The Summer of Love III: Fate/Illya’s Illyasviel von Einzbern: The Reboot that Works

The Summer of Love III continues! We are heading into the final season next week, but for now I want to take sometime to do a character dive. These are always fun to do, where I look into a specific character and talk about just one or two things that make them tick. It’s not a full blown observation, but just a glance at one thing that makes them stand out. I always end up doing one or two of these during this event, and this time is no exception. After the cut let’s take a dive into the main lead of Fate/Illya: Illyasviel von Einzbern

Great design, but the crosses are kinda weird.

With a world like Fate and its countless spin-offs, there has always been the fear of inconsistency. That with different iterations of the characters something might get lost in the weeds. They might not act like they are supposed to, or important character beats might be ignored because they don’t fit in the plot of the show. Shirou’s struggle with his hero complex can’t fit into every story, and it shouldn’t. As long as the characters are true to who they are, then everything often will work out. The Fate world for the most part has been successful in this. Spread across all of the spin-offs, from the serious to the comical, the characters are true to who they are. Rin is the driven and capable tsundere, Shirou is the skilled houseworker and kind young man, and Saber is forever the king of knights and bottomless pit. Despite the different plot points, sometimes vastly different, Fate has always remained true to what it is.

For Illyasviel, things are quite different. Not bad, by any means, just different.

I’ve banged this drum over the last few months, but it bears repeating here. The Illyasviel of the mainline Fate routes is at heart a tragic, but underdeveloped character. Born to be a vessel for the holy grail, abandoned by her parents in their quest and duty for said grail, and the subjected to horrible experiments, her life is not a good one. Despite the façade she puts on at times, Illya in the Fate visual novel is a bitter and angry person, desperate to get revenge on her father, and often takes that frustration out on Shirou. There are of course moments of kindness and compassion, especially as the Grail War spins out of control, and her self sacrifice at the end of Heaven’s Feel is a good way to wrap up not only her story, but that of her mother too. Still, there is very little for the viewer to chew on, and while the anime series help this in some ways, it hardly does enough. It just isn’t Illya’s story, and she remains the character drawing the short-stick throughout.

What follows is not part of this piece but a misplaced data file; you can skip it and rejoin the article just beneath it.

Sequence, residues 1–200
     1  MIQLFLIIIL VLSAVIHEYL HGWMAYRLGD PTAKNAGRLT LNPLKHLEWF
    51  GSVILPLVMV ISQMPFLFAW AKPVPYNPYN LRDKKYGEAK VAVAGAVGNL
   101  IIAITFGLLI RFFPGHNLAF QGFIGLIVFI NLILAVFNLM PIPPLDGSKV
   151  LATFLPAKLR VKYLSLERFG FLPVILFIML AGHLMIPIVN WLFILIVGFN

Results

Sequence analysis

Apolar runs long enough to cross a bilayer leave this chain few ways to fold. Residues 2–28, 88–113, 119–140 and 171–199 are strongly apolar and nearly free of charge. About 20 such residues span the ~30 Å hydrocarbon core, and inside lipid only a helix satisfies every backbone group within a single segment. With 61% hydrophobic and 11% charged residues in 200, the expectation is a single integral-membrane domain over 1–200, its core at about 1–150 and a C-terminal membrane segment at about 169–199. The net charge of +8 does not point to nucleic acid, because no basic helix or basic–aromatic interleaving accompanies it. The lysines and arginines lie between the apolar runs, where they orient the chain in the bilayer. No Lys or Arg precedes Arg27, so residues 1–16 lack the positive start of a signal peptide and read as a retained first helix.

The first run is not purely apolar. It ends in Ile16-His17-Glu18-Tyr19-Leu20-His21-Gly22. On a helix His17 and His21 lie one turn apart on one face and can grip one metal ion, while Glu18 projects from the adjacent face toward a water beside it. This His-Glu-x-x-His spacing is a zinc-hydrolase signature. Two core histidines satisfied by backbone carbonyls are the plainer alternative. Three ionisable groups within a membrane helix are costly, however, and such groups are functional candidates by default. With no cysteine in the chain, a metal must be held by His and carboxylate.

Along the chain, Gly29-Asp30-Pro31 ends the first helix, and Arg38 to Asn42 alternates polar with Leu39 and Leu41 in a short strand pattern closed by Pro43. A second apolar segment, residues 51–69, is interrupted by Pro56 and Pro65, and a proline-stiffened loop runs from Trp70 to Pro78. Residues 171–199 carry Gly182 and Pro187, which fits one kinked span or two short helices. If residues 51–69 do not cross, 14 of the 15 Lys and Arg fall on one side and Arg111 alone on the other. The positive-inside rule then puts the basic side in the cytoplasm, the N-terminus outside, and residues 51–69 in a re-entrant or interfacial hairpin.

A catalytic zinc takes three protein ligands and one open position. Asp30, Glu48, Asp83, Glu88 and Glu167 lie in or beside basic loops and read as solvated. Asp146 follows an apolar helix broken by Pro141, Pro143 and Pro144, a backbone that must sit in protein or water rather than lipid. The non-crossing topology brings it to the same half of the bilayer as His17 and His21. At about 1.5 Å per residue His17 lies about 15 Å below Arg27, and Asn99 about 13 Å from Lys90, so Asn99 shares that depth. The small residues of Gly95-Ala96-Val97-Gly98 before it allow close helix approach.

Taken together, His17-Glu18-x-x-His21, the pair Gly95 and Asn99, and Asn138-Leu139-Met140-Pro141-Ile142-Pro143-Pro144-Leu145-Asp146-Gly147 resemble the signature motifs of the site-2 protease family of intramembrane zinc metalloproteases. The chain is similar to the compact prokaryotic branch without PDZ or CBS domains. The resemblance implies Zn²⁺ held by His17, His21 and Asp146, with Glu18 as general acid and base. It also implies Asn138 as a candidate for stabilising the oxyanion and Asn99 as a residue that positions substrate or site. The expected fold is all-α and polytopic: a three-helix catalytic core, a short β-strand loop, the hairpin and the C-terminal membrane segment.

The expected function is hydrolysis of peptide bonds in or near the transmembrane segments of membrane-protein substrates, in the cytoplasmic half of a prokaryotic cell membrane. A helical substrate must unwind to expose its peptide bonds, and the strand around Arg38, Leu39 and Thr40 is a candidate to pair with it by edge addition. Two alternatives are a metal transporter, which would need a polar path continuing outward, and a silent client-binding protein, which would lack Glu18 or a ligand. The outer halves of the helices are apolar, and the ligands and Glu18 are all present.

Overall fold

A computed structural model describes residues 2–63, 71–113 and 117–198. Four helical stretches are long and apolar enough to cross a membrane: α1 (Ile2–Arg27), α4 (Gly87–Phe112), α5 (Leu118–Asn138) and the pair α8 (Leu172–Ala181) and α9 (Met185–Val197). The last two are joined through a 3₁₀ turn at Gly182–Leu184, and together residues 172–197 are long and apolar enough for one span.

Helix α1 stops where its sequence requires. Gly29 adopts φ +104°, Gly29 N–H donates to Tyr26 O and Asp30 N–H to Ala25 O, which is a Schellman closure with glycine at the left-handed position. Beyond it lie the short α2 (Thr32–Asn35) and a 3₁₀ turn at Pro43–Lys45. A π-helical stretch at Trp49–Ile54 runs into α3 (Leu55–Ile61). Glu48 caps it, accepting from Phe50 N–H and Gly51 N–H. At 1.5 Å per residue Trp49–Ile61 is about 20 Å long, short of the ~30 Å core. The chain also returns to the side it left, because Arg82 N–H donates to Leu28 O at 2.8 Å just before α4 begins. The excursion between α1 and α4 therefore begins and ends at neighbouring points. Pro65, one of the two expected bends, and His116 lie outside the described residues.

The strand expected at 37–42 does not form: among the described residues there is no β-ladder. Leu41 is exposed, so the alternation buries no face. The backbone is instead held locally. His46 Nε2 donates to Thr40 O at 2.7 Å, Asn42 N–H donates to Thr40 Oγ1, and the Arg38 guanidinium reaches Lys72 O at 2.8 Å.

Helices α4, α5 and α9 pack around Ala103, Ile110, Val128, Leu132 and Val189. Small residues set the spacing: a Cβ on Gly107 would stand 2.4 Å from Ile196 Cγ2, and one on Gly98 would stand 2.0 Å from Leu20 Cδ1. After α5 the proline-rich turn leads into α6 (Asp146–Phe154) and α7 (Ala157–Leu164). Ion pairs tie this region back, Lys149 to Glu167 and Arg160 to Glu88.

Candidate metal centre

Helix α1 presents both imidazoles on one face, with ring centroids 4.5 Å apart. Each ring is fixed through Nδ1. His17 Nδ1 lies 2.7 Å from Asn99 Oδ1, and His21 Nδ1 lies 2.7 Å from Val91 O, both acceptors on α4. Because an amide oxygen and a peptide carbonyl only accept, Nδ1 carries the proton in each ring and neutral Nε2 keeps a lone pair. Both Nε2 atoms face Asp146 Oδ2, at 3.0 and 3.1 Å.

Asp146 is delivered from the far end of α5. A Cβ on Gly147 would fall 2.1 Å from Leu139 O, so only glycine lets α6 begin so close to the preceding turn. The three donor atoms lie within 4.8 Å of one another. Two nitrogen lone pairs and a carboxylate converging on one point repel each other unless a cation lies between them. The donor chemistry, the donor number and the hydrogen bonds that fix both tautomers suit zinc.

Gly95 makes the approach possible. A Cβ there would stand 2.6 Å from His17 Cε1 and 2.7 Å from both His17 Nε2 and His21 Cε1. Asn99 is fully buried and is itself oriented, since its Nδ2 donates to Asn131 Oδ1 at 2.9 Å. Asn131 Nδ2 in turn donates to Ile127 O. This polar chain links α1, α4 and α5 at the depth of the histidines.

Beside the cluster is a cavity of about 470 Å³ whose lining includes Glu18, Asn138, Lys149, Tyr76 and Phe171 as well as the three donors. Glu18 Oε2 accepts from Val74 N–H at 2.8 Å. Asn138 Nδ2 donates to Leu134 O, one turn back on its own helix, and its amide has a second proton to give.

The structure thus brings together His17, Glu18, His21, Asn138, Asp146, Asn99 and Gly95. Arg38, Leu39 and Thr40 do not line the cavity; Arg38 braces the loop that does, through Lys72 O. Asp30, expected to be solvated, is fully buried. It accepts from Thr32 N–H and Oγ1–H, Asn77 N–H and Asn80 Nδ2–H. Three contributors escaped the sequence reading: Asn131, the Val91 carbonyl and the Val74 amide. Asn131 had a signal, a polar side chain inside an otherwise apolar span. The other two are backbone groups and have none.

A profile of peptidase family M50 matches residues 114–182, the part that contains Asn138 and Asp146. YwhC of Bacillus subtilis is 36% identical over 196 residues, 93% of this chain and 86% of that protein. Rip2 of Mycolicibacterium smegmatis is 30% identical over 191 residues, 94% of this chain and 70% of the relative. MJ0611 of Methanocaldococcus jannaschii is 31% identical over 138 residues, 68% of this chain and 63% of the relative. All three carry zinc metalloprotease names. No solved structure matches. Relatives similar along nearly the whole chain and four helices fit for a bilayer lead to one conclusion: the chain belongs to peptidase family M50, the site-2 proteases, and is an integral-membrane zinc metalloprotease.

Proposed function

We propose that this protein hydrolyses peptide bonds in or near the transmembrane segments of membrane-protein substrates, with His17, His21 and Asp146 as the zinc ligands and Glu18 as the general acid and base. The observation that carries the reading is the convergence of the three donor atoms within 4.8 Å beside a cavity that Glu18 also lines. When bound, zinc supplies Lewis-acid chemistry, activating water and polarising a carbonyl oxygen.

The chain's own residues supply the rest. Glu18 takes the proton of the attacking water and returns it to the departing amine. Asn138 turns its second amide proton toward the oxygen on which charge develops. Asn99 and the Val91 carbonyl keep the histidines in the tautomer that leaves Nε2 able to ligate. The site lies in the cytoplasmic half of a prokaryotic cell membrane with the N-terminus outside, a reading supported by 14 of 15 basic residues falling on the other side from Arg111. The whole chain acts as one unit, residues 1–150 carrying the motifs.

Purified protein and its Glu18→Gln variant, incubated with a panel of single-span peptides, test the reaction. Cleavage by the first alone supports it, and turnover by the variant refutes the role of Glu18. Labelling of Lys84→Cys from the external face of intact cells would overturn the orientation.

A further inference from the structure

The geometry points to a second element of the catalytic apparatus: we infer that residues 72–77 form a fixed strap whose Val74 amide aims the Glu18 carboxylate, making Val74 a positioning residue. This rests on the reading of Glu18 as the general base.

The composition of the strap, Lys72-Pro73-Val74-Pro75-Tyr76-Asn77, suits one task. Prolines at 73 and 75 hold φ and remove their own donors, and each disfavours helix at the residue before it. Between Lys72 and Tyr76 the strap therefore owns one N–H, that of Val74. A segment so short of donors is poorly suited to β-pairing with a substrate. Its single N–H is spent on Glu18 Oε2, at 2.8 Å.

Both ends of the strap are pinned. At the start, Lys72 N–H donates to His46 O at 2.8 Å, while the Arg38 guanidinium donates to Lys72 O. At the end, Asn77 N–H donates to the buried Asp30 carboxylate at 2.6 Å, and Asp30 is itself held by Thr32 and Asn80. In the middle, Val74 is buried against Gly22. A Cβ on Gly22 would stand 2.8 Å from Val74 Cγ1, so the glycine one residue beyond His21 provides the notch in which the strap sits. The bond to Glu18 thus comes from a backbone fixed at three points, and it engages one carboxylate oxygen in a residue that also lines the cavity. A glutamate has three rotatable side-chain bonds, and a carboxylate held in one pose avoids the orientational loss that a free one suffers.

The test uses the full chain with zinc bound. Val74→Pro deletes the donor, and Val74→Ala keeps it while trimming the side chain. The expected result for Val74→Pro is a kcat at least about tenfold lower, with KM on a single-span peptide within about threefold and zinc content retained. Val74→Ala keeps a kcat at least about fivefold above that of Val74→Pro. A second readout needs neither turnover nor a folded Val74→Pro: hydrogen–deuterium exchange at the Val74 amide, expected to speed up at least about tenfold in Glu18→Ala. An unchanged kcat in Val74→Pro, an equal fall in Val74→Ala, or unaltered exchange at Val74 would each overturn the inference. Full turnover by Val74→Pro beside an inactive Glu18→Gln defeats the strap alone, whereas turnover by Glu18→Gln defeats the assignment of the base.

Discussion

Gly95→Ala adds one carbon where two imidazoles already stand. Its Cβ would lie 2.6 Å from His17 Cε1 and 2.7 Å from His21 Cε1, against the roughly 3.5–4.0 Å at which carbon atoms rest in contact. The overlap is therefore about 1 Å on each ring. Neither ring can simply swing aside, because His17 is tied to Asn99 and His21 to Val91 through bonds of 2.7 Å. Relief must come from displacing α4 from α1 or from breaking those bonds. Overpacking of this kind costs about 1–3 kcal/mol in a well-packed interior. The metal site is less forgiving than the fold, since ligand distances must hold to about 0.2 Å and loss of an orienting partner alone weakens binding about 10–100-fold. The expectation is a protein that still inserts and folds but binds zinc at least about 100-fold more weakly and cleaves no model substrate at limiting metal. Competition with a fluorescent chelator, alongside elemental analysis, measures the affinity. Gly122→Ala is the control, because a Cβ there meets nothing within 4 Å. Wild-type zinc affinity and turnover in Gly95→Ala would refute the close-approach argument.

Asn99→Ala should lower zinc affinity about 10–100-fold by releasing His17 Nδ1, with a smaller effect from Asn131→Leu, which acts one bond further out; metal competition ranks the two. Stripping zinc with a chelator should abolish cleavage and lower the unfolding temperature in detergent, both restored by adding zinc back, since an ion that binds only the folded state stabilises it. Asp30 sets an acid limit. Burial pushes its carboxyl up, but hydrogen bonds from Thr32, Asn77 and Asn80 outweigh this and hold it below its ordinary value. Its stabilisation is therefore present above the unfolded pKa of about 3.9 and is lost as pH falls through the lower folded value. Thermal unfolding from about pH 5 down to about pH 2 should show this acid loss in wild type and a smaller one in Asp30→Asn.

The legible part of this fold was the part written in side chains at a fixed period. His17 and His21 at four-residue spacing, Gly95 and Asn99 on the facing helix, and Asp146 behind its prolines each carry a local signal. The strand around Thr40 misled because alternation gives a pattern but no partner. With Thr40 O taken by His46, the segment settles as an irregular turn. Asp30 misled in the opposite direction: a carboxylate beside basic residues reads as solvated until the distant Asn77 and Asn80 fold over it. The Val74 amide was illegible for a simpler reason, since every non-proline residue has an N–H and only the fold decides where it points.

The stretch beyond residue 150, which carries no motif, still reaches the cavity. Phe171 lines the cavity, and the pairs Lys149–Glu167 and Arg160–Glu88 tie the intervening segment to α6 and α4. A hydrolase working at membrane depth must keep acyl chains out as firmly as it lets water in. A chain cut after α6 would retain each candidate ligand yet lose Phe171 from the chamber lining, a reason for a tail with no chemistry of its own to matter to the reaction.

The Illya of Fate/Stay Night is not the same person we see in Fate/Illya. Here she is a bitter and abandoned woman seeking revenge.

With Fate/Illya, the choice to basically reboot her character from the ground up remains in my mind, the correct thing to do. While all the markers of Illya are there, this is a total different person than the woman we see in the mainline Fate series. And it works for the series and story they are telling. Magical Girl Illya is an absolute delight, a ball of kindness and compassion, but also the hysterics, comedy and awkwardness that can come from being a young woman growing up. She’s loyal to her friends, but can get annoyed by their antics. She has the ability to step up to be a hero, but wants nothing more then to live the stereotypical girl life. Things like sarcasm, fear, awkwardness, embarrassment, pride, jealously, love and empathy are all present in the story, and it helps fill in the mold of what was before, a very shallow character.

In contrast, the Illya of Prisma is given humanity and a life, often to the comedic joy of the viewer.

This is also helped by giving Illya a strong supporting cast that she can bounce off of. I won’t speak anymore about the Kirk/Spock/McCoy dynamic that makes up Illya, Miyu and Kuro, but what is damn effective for how simple it turns out to be. What I will say is that it is the other characters who help strength Illya’s role. Tatsuko, Mimi and her other classmates allow the viewer a glimpse into the normal life of young girls. Sella and Leysritt are the big sisters who help manage her life, and Irisviel, the equally underdeveloped female lead from Fate/Zero is offered the chance to become the mother she never could, leading to moments both humorous and heartwarming. All of this combined allows Illya to become a more fleshed out person, an actual human being instead of the plot device she ends up becoming in the visual novel.

Illya’s bonds not only with her Kuro and Miyu, but the entire cast of Fate/Illya is part of why her reboot works. It fills her with oxygen and life that was tragically absent.

Illyasviel von Einzbern is not only my favorite character in Fate/Stay Night, she remains one my favorite characters in all anime. She has great design, awesome powers, and a stellar vocal performance. But it is the Illya in Fate Kaleid Liner Prisma Illya that made me really become a fan. It is the show that gives Illya her soul, her voice, and her personality. The one that lets her become a true human that the visual novel never could. Whether it works is up to the individual viewer, but what is there is damn effective for me. This is a character reboot that takes the best of what was done before, but isn’t beholden to it. Taking a great design and ideal, and letting it flourish in a new setting unabated. If you take anything away from this series, and my look at it, let it be that. This is a reboot that works.

And those faces are just wonderful.

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